Defense in the Metrodome was the putative reason that Kotsay started against Johan Santana in the ALDS, but Jay Payton should be able to handle the Coliseum outfield ably. Oakland’s roster flexibility gives them an advantage in this game, as Kotsay can slide into center late in the game when the Tigers send in their right-handed relievers.

Don’t be fooled by Zito’s ugly xFIP; his results have always outstripped his defense-independent measures. There are two things that play into Zito’s favor for this game: 1) He’s better when batters offer at his breaking pitches, especially the curveball, as they result in weak contact and 2) Historically, lefties actually hit Zito better than righties. Look for a solid-if-not-spectacular outing against the Tiger lineup of free-swinging right-handed sticks. A very good Oakland defense should be gobbling up lots of balls in play.

Oakland scores early and often against Robertson, and Zito holds the Tigers down just enough to get it to the Oakland bullpen. Kiko Calero and Huston Street put the Tigers in a cage, Oakland wins, and Tigers manager Jim Leyland saves Joel Zumaya and Jamie Walker.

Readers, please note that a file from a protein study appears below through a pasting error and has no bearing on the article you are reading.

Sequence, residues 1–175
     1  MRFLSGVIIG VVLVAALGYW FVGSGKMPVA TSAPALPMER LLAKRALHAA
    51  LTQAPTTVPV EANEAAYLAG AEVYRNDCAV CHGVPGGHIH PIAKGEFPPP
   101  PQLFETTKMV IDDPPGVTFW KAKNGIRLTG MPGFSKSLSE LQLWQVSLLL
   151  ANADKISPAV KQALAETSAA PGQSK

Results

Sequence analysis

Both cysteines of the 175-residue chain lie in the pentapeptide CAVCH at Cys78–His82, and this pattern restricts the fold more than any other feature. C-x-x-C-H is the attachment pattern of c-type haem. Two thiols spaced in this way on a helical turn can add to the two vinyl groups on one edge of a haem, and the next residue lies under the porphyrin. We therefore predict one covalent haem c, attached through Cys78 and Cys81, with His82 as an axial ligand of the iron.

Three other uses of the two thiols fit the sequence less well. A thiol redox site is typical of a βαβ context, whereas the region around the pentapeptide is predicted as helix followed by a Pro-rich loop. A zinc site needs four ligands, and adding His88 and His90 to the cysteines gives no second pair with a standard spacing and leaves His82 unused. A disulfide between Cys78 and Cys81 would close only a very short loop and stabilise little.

Advantage: Oakland

Game 2

Justin Verlander (3.77 RA, 1.33 WHIP, 4.67 xFIP) versus Esteban Loaiza (5.35 RA, 1.42 WHIP, 4.80 xFIP)

The Oakland brass chose Loaiza to make the Game 2 start over Rich Harden, but only just barely). While a Harden-Verlander ALCS duel has the potential to be an instant classic, the conservative route is probably best, as Harden is not quite in midseason form. But if Harden comes out with guns blazing in Game 4, Oakland is going to wonder why they didn’t use their best starter twice in a short series.